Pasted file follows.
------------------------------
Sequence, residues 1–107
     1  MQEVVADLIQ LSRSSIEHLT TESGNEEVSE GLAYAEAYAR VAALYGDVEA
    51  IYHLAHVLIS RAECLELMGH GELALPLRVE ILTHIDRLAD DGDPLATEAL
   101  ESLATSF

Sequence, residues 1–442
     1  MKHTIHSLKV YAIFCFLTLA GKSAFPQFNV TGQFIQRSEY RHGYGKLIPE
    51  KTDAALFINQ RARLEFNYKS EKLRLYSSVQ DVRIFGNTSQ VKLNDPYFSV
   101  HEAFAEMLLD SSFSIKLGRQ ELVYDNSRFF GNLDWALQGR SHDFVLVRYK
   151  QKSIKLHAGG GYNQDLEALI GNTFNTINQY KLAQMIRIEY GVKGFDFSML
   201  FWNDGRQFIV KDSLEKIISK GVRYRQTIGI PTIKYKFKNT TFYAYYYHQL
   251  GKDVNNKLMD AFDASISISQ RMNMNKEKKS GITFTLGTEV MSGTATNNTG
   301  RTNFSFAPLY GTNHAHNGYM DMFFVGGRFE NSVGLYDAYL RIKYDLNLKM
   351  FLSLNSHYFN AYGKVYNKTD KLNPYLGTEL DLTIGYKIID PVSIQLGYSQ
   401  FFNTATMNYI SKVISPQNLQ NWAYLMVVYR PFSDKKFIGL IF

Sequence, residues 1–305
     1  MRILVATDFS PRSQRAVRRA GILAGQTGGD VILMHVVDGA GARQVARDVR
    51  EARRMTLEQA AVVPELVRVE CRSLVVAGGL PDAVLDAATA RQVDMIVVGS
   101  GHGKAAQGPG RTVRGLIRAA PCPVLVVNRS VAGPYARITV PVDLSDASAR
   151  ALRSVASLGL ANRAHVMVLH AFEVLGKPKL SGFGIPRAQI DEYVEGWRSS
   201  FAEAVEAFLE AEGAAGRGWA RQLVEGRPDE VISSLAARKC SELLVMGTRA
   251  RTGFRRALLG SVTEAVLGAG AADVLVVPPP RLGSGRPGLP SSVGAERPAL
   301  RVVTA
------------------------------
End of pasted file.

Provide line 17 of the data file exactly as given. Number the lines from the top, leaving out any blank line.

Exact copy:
    51  EARRMTLEQA AVVPELVRVE CRSLVVAGGL PDAVLDAATA RQVDMIVVGS